A brief moment of recognition, and contentment

It is obvious your life is stuck in a rut when the first though in your mind when you force yourself to wake up is how you can survive the day, and if that can be accomplished some way, then how to make it little palatable. All you can do is to take solace in the old phrase “This too shall pass” and hope whoever coined it knew what he was talking about…. some information about his later life would also not be amiss to see how it turned out ultimately.

However, it is these grey days, where you feel alienated from everyone, when all those you have cared for have all become distant, when nothing seems worthwhile and all is tactics with strategy relegated to the background, it is then any kind word, or an attempt to contact by someone you only have a nodding acquaintance is an event that imbues that particular day with some significance, even if events later in the day turn out to be unwelcome.

It may seem strange that I am concentrating on one brief incident which most would not retain in their consciousness for long, but then I am certainly not one of the many and in the words of Lt Dand McNeill (the autobiographical figure of the gifted George McDonald Fraser’s army life in a Highland Regiment as rendered in the splendid McAuslan trilogy) –

“Forgive me for describing it, but in a life that has had its share of pursed lips, censorious glances, and downright abuse and condemnation, there haven’t been many moments like that one.”  

Well for me, it would not rise to that level but it did come close.It happened, it occurred day before yesterday (Friday, the 17 of December 2010) and I planned to write about it that day only, and failing that, the next day but unfortunately got no time and I may say I also wanted to know if I felt the same about it a day or two after. I do and I shall remedy my delay now.

It happened to me in a bookshop, I used to frequent occasionally but have visiting quite frequently now, despite the need to be thrifty before my coming journey. But as those who know me well will attest – my parents best of all – that I am a softy as far as books are concerned. But lets not digress…

As I reached the place this Friday and anxiously scanned the racks quickly – given the time constraints which I have explained many times earlier and will not repeat here – for any volume that seemed promising, I found one on the right side which has the sections on history, one having some promising thrillers including period/regional whodunits among other attractions – and where I have found several bargains in the past – the latest being the Shevchenko book and the Dr Siri series. I then moved to the left where I keep a watch on travelogues as well as some more recent fiction. It was as I moved there in the nyumber of circumlocutions I make during my every visit to the establishment that I did hear that pleasant – I would describe as fruity and rich and resembling one of my most admired people – voice saying: “I thought before the year was out I would get your name. I have seen you so frequently here.” I turned around as I realised these words were addressed to me.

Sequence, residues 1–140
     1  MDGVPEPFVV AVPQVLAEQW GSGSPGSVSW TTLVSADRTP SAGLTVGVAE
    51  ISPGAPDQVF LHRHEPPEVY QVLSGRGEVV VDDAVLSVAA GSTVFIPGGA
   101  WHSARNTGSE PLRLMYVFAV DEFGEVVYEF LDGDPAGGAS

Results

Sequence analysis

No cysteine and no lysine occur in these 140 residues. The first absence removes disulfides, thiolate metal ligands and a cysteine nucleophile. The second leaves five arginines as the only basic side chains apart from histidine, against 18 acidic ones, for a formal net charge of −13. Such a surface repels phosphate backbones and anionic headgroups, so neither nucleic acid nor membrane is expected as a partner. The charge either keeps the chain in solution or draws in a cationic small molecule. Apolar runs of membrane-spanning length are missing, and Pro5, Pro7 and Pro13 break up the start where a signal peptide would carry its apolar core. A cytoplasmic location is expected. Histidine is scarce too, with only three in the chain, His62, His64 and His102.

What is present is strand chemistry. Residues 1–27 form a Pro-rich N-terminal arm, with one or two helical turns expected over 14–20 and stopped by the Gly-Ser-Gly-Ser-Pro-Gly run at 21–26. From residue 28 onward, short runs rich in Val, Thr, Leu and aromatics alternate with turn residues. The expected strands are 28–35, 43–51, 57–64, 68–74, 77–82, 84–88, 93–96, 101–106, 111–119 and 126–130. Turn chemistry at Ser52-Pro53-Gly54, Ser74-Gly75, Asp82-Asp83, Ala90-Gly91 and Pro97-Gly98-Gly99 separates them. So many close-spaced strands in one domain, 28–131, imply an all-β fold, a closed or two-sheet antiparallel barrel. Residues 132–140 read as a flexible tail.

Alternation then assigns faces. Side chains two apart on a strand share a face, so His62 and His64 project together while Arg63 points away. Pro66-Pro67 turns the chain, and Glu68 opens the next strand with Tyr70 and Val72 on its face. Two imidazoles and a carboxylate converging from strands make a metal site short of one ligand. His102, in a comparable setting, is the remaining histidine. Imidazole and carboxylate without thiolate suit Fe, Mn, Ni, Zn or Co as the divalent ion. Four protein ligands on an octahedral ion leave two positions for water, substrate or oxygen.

It was one of the owners – while I had seen the individual around the place, we had never had any interaction, unlike the other, a tall moustachied gentleman (funny…. but the description could also fit one of the my oldest book-providers) with which I had exchanged some smiles of recognition sometimes when our paths crossed. However, as we introduced ourselves, the individual mentioned that I seemed to be an avid reader and possessed with a fast speed – both of whichwere spot on-  and recounted my oft-told tale of forsaking sleep whenever there was a good book in my hand…. After a few more pleasantries in which the individual expressed pleasure at meeting at such a “loyal customer”, we parted – I returning to my task.

Well, as I said, it was a small interaction and could be construed as not very significant, but as I say it is these things, these instances of recognition, that add pleasure to life and make it worth living….. I can recount some more instances – what one autorickshaw driver told me, the comments of some owners of commercial establishments I patronise and so on. It is ultimately about being recognised and remembered by the ones we deal with – and for me its a family tradition for three generations now – and that is the most important thing we should strive for in our lives – well at least the way I see it……


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